At the center of Threads, the new album from beloved NYC saxophonist David S. Ware, is the 12-minute title track, which is quite simply one of the most stirring pieces of music I've heard in an extremely long time. Like the rest of the album, "Threads" is not one of the explosive improvised free-jazz blowouts that Ware is heralded for, but a piece that he composed, with strings and synthesizer as the predominant instruments. In fact, Ware doesn't play on "Threads" at all, and barely plays on Threads either. Instead, center stage is taken up by Mat Maneri on viola, Daniel Bernard Roumain on violin, and Matthew Shipp on synthesizer (a Korg Triton Pro X), with bassist William Parker and drummer Guillermo E. Brown playing support. Shipp's playing on "Threads" consists of impressionistic waves, a bed for the strings to interact over. The track is fairly simple: there's a basic melody line that repeats, as the players work it along in rather low-key fashion. The reason "Threads" is so impressive is hard to pinpoint. It doesn't have complicated arrangements or showstopping improvisation. It sounds less like "jazz," more like an ambient mood-piece (a la Eluvium, Brian Eno, or some of Yo La Tengo's instrumentals on The Sounds of the Sounds of Science). It's an unassuming track that just floats along until it disappears, but as it does so it really hits you in the heart, evoking that unnamable feeling that is part sadness, part joy, part absolute peace with the world.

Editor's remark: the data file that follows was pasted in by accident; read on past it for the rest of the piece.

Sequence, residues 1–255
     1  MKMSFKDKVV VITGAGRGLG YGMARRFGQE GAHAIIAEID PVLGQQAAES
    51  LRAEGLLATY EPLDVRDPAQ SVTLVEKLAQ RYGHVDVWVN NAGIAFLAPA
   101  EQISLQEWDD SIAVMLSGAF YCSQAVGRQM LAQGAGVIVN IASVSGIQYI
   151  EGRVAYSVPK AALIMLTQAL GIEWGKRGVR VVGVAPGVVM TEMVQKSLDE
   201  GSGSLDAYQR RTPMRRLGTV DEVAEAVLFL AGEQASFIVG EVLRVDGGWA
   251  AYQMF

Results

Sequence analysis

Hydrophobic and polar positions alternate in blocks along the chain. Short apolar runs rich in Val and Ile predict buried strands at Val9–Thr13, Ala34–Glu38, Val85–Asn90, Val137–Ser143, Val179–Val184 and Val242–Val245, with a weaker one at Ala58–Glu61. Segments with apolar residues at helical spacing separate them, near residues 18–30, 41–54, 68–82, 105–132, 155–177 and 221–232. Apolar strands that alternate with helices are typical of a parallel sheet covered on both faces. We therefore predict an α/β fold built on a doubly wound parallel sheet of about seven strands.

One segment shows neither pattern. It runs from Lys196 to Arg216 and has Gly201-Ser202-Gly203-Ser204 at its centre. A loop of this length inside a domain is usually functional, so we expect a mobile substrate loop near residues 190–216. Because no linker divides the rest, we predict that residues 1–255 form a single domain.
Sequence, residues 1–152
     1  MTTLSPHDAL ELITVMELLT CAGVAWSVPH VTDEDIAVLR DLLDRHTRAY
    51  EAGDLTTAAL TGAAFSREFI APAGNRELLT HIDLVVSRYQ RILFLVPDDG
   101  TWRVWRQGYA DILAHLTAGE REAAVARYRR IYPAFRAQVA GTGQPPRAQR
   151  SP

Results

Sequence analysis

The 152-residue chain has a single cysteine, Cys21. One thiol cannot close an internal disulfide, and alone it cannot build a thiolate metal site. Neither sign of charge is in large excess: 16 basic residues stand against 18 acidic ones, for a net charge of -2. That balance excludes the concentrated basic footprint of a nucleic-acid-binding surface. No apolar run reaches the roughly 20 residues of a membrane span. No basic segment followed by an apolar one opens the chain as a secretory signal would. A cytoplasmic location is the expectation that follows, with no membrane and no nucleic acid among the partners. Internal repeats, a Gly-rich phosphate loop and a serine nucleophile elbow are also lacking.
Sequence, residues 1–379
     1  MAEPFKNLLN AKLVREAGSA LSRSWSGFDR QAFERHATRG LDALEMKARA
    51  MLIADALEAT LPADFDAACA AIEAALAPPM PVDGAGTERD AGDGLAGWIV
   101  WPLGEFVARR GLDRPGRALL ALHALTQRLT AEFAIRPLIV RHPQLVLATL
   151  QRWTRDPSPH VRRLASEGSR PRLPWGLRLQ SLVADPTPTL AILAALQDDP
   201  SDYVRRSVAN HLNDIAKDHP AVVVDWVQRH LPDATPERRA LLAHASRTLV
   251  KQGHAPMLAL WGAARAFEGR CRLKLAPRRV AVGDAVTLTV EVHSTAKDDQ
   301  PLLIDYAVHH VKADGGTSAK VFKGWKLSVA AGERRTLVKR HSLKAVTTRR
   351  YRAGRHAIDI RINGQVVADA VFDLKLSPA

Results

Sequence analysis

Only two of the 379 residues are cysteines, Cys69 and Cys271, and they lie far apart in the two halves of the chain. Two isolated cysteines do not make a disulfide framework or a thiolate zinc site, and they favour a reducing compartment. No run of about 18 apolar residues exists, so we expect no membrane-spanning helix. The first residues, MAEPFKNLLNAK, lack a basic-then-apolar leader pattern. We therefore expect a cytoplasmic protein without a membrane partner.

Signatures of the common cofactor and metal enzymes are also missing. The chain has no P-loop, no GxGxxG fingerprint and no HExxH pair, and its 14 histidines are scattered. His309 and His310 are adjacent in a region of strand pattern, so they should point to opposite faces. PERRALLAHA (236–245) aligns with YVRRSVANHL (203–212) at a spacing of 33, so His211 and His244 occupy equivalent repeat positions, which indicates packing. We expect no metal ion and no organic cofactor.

The music throughout Threads is evocative of the mood in the wee hours between one day and another, that quiet period where nothing's going on (or is everything?). In other words, it's dreamy and it moves like a cloud. The opening track, "Ananda Rotation" (one of three tracks that Ware appears on), opens up slowly and, like "Threads", glides along without ever really taking off. That leads into the most propulsive track, if not the most hectic: "Sufic Passages", with a bassline somewhat reminiscent of "A Love Supreme" and a surface dominated by manic but peaceful strings and chords of synth.
Ware's two other appearances on sax are "Weave I" and "Weave II". Serving as bookends around "Threads" and its companion piece, "Carousel of Lightness" (which is like a somewhat looser extension of "Threads"), they come off like the most improvised tracks on the album, even though they were apparently composed along with the other tracks. Here, Ware and Brown play off each other for a few minutes, using the same base melody in each case. As one work of music, the six tracks on Threads together present one mood, but it's one with many subtle textures and feelings. It feels like Ware is reaching toward an album that stands by itself as one cohesive statement, and if he doesn't quite reach that level of unity among the tracks, he is close.
Ware and his companions -- especially Parker and Shipp -- are as highly regarded as anyone in modern jazz today. That attention comes mostly from their stature as improvisers, but with Threads Ware makes his mark as a composer of note as well. He's said in interviews that, to him, composing and improvising are essentially the same thing, that improvising is just a sped-up version of the composition process. On Threads, that perspective can be heard tangibly, as it's hard to separate out what sounds written beforehand versus written on the spot. It's all part of the same act of playing jazz, an act that is spotlighted beautifully throughout Threads. And if Threads won't immediately make Ware as well known as a composer as he is as a player, it definitely serves as a loud call that his skills don't end with his saxophone.